New Home Construction and Impacts of Existing Plants

New Home Construction and Impacts of Existing Plants

As we have all observed communities are growing in the Panhandle through new home construction or through renovation of existing properties.  This article will address new home construction.  Many questions come to mind as construction begins with some of these questions needing to be addressed prior to start of construction.  Determining impacts on the plant resources that already exist on the site should be included in the planning, design, construction and post-construction phases to be successful in achieving a healthy vibrant landscape for all to enjoy.

Photo Courtesy: Stephen Greer

Homes in community developments are being located on smaller lots in groups with conservation areas saved for the open spaces for all to enjoy.  An older term for this was new urbanism and now is often referred to as conservation or clustered development.  This type of development identifies and encourages environmentally friendly habitats for plants and animals creating a biodiversity within a walkable neighborhood designed to protect yet allow residence to enjoy some of the Northwest Florida beauty.

How can the objectives of building the new home desired, manage to protect the healthy plants already existing on the site?  These challenges are difficult to answer but there are steps to accomplish both.  For this article I will address construction and tree protection.

Protecting existing trees during the construction and post-construction phases takes expertise and a plan.  First, consider hiring a professional arborist or urban forester to assist in this plan development.  Understanding the existing trees on site prior to construction from the variety, location, visual impacts, size, overall health and location on the property are a good start.  How do you protect the selected trees?  First identify the trees that will need to be removed.  Look for unhealthy stressed trees, significant limb death already occurring, poor crown growth (thinning) and other observations.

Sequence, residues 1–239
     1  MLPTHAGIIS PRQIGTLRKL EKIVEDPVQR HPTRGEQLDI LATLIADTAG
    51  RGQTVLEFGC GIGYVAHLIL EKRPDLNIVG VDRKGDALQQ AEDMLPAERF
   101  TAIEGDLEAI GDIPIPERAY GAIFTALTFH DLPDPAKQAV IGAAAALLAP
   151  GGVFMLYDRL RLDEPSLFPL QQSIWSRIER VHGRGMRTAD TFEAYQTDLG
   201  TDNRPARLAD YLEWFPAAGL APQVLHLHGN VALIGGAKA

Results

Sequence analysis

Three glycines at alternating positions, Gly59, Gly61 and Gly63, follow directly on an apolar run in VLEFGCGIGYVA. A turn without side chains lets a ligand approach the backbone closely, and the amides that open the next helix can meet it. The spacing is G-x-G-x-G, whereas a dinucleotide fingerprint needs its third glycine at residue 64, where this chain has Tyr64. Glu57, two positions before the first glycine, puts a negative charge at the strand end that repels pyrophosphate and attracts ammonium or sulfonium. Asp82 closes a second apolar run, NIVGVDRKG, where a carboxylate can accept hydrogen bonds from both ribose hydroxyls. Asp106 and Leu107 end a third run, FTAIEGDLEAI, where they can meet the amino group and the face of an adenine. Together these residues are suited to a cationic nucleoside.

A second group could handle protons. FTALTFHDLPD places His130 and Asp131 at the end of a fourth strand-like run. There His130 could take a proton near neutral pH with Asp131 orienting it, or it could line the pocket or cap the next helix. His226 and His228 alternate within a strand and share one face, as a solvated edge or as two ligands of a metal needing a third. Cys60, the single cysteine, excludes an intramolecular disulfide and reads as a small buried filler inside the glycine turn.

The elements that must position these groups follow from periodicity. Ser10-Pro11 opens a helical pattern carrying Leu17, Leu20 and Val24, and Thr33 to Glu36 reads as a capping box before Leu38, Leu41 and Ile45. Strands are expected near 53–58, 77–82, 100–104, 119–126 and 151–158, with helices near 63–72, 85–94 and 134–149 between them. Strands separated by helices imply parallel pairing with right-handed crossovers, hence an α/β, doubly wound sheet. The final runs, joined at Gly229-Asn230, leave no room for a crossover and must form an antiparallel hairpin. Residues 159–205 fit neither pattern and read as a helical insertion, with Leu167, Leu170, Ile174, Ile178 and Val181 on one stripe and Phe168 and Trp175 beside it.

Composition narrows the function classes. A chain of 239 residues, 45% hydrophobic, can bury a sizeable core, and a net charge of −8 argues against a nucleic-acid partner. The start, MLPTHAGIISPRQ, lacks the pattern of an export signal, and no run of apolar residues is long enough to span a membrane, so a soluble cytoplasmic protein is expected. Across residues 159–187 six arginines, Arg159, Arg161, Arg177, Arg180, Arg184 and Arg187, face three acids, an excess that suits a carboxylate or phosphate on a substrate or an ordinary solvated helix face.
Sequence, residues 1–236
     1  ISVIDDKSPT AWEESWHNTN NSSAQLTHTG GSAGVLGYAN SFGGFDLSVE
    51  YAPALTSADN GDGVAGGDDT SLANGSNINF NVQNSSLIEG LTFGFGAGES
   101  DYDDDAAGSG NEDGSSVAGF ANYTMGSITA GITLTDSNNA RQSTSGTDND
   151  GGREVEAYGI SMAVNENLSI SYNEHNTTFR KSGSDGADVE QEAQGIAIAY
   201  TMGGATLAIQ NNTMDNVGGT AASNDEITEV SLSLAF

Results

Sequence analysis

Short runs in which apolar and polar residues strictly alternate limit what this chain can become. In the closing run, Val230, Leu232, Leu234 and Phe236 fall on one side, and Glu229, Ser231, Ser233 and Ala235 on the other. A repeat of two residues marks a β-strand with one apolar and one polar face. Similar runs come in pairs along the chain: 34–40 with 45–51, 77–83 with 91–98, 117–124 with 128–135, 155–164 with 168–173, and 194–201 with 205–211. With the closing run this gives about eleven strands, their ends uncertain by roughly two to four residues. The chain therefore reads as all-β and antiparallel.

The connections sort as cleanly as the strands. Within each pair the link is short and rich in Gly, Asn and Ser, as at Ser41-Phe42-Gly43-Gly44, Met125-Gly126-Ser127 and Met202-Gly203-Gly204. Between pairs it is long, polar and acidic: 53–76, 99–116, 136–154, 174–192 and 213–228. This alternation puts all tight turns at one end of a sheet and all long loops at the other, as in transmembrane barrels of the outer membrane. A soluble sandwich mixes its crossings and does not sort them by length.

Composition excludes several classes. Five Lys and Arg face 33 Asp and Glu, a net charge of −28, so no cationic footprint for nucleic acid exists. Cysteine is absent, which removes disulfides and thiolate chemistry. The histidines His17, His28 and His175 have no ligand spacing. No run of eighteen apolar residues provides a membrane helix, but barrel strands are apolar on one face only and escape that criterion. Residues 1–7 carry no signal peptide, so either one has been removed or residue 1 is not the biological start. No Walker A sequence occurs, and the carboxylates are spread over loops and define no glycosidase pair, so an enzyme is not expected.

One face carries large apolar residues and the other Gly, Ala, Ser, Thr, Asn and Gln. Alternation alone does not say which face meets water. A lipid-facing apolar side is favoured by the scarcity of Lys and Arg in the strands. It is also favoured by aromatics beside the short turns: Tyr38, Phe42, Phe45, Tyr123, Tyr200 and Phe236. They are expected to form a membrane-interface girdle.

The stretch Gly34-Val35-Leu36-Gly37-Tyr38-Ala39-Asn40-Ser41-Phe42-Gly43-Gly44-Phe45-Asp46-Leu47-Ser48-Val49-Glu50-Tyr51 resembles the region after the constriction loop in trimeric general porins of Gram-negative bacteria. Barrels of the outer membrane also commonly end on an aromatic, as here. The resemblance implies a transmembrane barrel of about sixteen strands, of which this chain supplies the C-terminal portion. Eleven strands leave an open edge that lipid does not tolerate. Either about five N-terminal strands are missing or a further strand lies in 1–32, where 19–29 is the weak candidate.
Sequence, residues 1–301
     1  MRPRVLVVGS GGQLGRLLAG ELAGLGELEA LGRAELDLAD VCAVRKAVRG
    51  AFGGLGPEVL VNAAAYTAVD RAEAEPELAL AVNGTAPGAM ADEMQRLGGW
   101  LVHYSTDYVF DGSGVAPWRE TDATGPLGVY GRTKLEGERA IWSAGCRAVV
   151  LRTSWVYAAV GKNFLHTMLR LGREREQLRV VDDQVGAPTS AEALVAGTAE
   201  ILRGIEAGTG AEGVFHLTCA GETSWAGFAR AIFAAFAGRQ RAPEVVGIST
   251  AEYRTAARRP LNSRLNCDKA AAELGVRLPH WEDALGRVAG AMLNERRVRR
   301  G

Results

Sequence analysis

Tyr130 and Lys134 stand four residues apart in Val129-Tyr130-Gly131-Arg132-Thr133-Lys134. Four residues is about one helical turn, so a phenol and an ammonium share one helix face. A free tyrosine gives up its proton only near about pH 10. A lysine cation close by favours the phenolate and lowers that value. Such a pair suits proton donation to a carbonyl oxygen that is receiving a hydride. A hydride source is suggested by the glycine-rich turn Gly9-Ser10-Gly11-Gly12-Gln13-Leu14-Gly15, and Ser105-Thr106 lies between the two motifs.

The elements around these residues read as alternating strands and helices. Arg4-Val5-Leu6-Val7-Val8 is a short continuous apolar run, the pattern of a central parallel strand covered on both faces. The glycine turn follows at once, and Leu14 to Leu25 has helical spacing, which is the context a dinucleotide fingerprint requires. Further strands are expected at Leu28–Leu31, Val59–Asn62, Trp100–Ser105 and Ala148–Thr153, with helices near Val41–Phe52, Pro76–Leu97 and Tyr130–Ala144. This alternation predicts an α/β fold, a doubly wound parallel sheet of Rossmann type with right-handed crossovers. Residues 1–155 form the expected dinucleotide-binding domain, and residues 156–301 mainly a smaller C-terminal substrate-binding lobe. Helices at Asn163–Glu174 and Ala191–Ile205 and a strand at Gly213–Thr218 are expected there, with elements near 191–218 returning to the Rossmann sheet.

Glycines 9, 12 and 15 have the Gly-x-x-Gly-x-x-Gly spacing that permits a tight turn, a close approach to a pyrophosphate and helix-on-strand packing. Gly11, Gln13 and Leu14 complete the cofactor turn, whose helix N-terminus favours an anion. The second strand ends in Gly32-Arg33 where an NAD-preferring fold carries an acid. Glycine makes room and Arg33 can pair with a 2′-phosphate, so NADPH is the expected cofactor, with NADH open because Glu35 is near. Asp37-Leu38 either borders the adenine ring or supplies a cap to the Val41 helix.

Photo Courtesy: Stephen Greer

The next step is to make a sight plan that needs to include grading needs for the home, drainage on the property, existing trees and surrounding vegetation, property lines, set back requirements, driveway location, utility placements and site of home.  Flag trees that will be impacted and will need to be removed during the construction.

Following the sight plan, a tree protection plan needs to occur.  This must happen before construction begins and include all parties involved to make sure all are in agreement.  This is the stage where the group can identify conflicts involving tree protection and construction.  Oversight by the owner, contractor and equipment operators is critical.  A tree protection zone must be identified and implemented before construction.  This typically involves setting up a fence around the protected trees and vegetation to restrict access of equipment and potential damage to the root system.  A rule of thumb is to maintain a radius of at least 1.25 feet of protected area for each 1 inch of tree trunk diameter.  An example would be a 12-inch diameter tree trunk with good protection at 15 feet to best protection at 30 feet of radius.